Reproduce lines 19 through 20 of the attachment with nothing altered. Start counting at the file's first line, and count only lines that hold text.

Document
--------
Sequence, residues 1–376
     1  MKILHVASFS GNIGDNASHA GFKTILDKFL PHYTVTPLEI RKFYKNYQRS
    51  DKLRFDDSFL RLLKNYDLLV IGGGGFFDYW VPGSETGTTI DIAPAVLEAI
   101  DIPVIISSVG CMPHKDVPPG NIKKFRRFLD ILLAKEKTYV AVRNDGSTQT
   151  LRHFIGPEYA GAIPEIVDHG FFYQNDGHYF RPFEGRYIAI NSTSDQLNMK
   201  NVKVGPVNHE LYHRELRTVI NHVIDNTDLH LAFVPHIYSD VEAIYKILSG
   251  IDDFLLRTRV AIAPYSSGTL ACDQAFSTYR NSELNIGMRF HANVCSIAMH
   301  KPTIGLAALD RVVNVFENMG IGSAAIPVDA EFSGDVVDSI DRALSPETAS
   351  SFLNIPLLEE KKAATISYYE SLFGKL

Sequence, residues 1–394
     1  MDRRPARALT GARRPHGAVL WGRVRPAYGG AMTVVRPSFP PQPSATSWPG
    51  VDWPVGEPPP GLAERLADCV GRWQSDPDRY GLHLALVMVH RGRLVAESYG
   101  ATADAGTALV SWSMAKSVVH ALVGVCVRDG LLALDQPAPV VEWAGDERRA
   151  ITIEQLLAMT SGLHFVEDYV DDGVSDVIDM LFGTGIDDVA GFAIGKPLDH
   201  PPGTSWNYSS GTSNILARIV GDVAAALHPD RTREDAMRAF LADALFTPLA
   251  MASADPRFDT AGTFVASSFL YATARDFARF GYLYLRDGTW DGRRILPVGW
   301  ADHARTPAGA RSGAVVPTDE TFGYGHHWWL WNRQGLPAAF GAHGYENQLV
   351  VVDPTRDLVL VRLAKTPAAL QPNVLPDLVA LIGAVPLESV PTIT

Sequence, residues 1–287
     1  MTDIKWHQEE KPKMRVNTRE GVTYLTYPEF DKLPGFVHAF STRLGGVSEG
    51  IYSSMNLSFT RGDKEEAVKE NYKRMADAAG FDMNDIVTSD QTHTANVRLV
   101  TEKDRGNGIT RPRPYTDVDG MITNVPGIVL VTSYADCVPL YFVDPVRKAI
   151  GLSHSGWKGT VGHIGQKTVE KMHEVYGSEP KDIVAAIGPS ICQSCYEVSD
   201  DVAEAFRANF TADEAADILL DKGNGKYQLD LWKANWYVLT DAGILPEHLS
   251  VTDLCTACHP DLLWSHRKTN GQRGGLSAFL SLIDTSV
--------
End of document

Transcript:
Sequence, residues 1–287
     1  MTDIKWHQEE KPKMRVNTRE GVTYLTYPEF DKLPGFVHAF STRLGGVSEG